Gas station without pumps

2019 August 14

Beginning design of a cat drinking fountain

Filed under: Uncategorized — gasstationwithoutpumps @ 22:11
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One of our cats likes to drinking from running water (a bathroom sink on a trickle setting), so my wife challenged me to make a drinking fountain for the cat that recirculates water in a water dish.  This project will be mainly physical design (3D printing, gluing things together) with a little electronics to control the pump.

I started by buying a very cheap pump from American Science and Surplus: an ET 23 series pump that they are getting rid of for only $2.50.  Somewhat surprisingly, there is a data sheet available for this pump from the manufacturer: http://www.et-pump.com/brushless_23.html, but (not so surprisingly) the specs are different from what American Science and Surplus claims. The manufacturer says that the pump is submersible and can be run at 5V to 12V, while American Science and Surplus says it is not submersible and runs on 4V to 6V.  Because the pump electronics are fully potted, I tend to believe the manufacturer on this one.

The pump uses a brushless motor with two sets of windings (and only 2 transistors to power them) and seems to start pumping at about 4V.  To characterize the pump, I used my Analog Discovery 2 to sweep the power-supply voltage from 0V to 10V, measuring the current through a 0.5Ω resistor.  The results were interesting:

At low voltage, the current seems to be exponential with voltage, as would be expected from having a diode in the circuit—the nonideality of 5.6 is consistent with about 3 silicon diode drops. Above 4V, the motor behaves about like a 26Ω resistor, though with a lot of noise. The turn-on and turn-off behavior between 2V and 4V is interesting—the pump takes a lot of power at these voltages. All these measurements were taken with the pump running dry—it likely behaves differently when pumping water.

The “noise” in the I-vs-V curve is not random noise—it is fluctuation in the amount of current taken as the circuitry for the brushless motor switches between the two sets of coils. If we set the power supply to a constant 5V across the motor in series with the 0.5Ω resistor, we can observe the voltage and the current for the motor:

The two coils seem to take slightly different peak currents when the switch for them is turned on, but both spikes are about 2.8 times the average current. The frequency is around 643 Hz, which implies a speed of around 19300RPM.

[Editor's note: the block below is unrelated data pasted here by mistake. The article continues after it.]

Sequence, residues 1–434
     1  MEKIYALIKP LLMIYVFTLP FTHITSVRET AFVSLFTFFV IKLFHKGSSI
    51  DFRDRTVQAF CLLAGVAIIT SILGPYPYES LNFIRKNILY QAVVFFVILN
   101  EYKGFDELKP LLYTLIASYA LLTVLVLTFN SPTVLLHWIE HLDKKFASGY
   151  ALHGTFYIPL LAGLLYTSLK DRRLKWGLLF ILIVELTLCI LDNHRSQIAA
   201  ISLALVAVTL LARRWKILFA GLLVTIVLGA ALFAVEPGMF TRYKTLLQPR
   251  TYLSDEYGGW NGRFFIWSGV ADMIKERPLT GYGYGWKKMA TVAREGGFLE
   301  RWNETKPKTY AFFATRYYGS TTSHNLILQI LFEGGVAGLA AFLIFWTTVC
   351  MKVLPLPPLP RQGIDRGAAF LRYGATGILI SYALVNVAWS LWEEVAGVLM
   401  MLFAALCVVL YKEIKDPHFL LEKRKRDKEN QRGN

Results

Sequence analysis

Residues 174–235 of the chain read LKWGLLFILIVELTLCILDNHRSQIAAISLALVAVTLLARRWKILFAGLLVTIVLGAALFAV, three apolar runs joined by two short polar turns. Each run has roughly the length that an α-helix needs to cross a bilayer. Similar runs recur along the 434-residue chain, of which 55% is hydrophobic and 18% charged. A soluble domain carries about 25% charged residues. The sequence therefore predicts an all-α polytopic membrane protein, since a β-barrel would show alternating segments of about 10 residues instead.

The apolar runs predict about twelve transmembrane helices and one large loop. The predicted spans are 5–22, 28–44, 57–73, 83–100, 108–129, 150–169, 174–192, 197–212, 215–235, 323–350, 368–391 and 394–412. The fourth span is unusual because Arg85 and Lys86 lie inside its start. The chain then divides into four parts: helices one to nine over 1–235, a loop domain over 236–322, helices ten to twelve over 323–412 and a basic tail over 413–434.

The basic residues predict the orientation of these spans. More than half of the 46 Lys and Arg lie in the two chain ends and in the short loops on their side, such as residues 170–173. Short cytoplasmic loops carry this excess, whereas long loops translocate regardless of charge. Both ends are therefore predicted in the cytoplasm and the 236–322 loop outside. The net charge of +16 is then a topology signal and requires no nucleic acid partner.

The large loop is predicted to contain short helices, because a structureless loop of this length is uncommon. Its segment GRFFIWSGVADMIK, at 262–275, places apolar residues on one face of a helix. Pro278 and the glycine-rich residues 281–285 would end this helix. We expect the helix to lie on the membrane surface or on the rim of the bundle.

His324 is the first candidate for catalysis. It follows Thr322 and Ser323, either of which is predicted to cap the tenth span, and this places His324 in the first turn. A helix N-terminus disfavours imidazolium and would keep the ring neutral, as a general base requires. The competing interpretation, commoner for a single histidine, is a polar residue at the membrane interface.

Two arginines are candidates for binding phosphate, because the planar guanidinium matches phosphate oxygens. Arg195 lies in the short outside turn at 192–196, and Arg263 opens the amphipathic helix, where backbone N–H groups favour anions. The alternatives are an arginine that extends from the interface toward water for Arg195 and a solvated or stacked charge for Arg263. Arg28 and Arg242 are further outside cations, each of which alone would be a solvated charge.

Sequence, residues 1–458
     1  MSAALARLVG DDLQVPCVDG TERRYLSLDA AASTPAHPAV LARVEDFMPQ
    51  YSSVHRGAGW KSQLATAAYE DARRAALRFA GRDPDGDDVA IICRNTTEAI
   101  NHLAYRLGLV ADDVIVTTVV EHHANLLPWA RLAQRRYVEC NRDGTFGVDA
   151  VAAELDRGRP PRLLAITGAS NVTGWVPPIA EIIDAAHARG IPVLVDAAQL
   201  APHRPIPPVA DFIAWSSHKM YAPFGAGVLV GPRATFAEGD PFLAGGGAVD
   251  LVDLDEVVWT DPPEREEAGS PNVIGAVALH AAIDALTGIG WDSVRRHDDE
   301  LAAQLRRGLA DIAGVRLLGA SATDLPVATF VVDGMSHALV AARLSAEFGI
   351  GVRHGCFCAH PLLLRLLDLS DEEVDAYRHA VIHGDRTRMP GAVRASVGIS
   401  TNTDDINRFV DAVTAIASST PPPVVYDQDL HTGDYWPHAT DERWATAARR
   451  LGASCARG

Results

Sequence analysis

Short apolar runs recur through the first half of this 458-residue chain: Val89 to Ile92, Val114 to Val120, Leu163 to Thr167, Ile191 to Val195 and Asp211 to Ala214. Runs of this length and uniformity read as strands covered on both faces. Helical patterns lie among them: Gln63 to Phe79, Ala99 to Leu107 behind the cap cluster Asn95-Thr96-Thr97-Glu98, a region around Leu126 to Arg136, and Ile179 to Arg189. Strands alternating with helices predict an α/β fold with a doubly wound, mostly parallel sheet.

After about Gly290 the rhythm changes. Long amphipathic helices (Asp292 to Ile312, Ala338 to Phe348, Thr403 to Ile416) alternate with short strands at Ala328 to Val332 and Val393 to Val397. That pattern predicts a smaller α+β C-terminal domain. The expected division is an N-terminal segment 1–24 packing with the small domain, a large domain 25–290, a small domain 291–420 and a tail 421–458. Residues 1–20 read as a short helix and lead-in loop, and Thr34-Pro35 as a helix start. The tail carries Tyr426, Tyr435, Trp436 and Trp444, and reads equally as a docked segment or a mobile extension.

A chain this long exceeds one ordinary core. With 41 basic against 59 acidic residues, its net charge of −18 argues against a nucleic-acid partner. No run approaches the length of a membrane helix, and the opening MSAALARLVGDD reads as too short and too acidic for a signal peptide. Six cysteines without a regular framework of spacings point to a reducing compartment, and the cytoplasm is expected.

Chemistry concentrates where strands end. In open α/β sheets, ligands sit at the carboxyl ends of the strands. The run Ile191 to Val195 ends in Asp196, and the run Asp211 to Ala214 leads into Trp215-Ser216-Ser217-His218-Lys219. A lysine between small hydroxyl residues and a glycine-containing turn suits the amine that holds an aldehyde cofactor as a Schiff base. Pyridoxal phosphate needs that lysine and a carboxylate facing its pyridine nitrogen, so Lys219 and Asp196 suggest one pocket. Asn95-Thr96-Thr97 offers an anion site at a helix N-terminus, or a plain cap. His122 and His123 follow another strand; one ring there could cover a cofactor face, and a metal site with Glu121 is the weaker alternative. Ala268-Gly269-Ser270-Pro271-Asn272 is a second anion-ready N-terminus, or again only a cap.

I tried controlling the pump with one of the PWM LED controllers that I made for the desk lamps. With a 6V power supply, I need about 60% duty cycle to start the motor, but then can turn it down to about 15–20% duty cycle.  With an 8V power supply, I need about 40% to start and with a 10V supply about 30% to start. All these were crude measurements by turning a potentiometer until the motor started, but they are consistent with about a 3.3V average starting voltage and ability to keep running down to almost 1V.  If the pump stalls at low voltage, one has to bring it up to about 3.5V to turn it back on.

The motor runs even with fairly slow, low-duty cycle PWM. The current spikes at the beginning of each cycle are large.

The PWM control seems to work even with a PWM frequency as low as 270Hz, which is somewhat surprising.  There does not seem to be much in the way of voltage spiking, even with no capacitor or flyback diode added.  There is a short-lived initial current spike of about 3.5A (staying above 2A for about 4µs), which probably comes from charging capacitor C3 in the motor, which is across the power lines after the diode D1 (which seems to be there to prevent reversed power supply).  The 11µC spike is consistent with C3 being about a 1 µF capacitor (or maybe 2.2µF), which seems plausible.  I’m not sure why the current drops to 0 before the motor voltage drops more than about a volt.

I bought some cheap plastic bowls from a thrift store, and my next task is going to be to design a 3D-printed base to hold the pump and the electronics under the bowl and a clip to hold a ¼” ID vinyl tube over the bowl.  The pump is not self-priming, so I need to drill a hole in the bottom of the bowl and glue on the pump to make a gravity feed to do the priming.

2019 January 6

OpenScope MZ review: Bode plot

Filed under: Circuits course,Data acquisition — gasstationwithoutpumps @ 14:47
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Continuing the review in OpenScope MZ review, I investigated using the OpenScope MZ for impedance analysis (used in both the loudspeaker lab and the electrode lab).